Criterion “D” above requires that the “hypomanic” mood disturbance associated with Bipolar II Disorder be apparent or “observable” of to significant others, and this is presently highlighted as an important clinical guide-post for the assessment Bipolar II Disorder. Because both Bipolar I and II patients characteristically no not recognize their psychopathology, the involvement of significant others or family may be critical for an accurate evaluation. Manic Episodes must be distinguished from Hypomanic Episodes and this is critical clinical distinction. The difference between these episodes simply lies in the degree severity of functional impairment associated with the episode. Bipolar I Disorder is noteworthy for precipitating severe client dysfunction and psychiatric hospitalization without appropriate treatment. While the same is not true of Bipolar II Disorder, formal Hypomanic Episodes are clearly diagnostic and these are frequently worthy of clinical attention.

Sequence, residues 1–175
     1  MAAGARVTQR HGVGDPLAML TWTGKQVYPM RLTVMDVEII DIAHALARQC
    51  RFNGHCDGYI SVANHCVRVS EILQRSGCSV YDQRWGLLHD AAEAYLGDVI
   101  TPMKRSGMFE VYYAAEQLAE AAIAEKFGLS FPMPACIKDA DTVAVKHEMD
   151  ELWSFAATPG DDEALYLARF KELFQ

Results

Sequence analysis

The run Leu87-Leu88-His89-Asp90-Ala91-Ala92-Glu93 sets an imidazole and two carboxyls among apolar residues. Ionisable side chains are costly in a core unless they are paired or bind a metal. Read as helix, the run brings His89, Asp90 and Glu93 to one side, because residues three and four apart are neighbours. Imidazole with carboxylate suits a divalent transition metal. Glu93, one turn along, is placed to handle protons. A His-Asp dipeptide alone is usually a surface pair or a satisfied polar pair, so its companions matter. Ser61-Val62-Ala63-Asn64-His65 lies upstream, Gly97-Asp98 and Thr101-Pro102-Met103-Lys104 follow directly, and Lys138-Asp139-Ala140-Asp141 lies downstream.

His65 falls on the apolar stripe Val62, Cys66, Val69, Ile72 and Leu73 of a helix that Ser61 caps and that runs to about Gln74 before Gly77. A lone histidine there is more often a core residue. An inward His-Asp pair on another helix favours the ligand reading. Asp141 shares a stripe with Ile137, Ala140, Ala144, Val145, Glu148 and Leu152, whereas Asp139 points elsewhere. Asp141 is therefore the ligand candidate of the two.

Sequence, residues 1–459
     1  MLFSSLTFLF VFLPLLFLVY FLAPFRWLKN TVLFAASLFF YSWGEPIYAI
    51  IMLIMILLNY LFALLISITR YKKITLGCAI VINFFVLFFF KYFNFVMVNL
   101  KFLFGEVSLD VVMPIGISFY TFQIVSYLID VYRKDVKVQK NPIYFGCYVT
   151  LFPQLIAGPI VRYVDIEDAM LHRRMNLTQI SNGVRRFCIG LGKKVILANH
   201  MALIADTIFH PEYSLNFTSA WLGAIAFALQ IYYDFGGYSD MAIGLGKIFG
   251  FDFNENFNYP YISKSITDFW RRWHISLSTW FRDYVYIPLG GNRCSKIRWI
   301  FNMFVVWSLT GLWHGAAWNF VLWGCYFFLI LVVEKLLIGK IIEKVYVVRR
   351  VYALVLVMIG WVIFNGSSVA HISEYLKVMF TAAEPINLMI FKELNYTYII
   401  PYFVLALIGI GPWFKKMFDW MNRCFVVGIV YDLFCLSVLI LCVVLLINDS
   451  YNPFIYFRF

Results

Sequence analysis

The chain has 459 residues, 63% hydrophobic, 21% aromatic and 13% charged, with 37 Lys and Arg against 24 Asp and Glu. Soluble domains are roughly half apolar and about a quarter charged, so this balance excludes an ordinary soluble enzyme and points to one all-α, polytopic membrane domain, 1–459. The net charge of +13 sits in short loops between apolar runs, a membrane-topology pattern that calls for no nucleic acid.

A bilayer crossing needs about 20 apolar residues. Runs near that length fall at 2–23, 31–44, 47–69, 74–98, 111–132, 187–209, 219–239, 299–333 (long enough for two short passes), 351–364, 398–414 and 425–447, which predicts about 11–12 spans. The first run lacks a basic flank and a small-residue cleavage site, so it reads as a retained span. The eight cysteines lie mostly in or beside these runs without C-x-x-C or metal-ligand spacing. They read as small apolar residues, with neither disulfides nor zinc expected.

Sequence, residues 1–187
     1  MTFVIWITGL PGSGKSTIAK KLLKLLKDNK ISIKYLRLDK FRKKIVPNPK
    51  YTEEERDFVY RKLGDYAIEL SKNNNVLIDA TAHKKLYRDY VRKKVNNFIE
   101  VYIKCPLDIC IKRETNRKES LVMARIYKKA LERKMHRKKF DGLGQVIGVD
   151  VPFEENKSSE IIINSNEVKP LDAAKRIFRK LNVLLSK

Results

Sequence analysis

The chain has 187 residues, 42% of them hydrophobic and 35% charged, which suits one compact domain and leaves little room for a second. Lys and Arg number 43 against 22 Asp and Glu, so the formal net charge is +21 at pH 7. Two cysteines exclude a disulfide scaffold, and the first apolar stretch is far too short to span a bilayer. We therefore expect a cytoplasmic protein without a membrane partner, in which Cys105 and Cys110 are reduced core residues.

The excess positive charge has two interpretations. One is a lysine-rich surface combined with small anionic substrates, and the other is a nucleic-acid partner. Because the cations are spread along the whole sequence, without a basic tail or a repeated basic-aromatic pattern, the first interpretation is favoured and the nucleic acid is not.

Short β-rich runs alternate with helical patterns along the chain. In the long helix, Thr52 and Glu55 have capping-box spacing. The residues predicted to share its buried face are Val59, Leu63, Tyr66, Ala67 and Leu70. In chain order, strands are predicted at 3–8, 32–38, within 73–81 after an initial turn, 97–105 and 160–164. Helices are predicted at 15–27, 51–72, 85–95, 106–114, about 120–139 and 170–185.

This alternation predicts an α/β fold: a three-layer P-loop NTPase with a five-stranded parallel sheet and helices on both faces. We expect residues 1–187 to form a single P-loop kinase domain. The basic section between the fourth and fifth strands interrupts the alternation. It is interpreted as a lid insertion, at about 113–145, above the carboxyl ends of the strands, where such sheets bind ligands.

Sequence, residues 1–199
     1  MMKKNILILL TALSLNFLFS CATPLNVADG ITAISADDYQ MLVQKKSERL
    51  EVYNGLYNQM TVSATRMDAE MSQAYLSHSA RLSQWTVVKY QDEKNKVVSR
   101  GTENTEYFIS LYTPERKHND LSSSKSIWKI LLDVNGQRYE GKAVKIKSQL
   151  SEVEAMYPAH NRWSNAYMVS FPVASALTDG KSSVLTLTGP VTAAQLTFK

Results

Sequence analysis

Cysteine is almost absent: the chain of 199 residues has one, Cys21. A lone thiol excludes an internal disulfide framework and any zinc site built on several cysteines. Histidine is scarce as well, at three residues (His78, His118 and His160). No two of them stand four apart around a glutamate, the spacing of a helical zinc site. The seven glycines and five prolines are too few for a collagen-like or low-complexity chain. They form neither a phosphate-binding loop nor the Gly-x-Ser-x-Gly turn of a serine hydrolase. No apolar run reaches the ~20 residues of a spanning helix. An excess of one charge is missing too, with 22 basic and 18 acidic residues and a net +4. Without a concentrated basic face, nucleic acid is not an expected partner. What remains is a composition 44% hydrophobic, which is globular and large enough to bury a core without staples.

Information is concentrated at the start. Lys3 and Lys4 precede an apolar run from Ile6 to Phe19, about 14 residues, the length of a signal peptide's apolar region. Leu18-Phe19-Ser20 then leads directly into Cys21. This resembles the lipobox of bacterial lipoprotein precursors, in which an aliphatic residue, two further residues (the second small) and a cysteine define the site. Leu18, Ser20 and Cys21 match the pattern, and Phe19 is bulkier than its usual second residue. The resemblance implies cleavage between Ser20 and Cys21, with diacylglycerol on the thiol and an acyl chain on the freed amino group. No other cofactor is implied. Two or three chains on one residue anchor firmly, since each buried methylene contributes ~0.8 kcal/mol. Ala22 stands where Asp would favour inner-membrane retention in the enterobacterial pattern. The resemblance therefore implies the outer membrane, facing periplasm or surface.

Given that the “Hypomanic Episode” (APA, 1994, P.335) represents the defining characteristic of Bipolar II Disorder, it is given ample description below. An episode typically begins suddenly, and shows a rapid escalation of symptoms within the course of a couple days. Episode duration varies from weeks to months, and may precede or follow a Major Depressive Episode.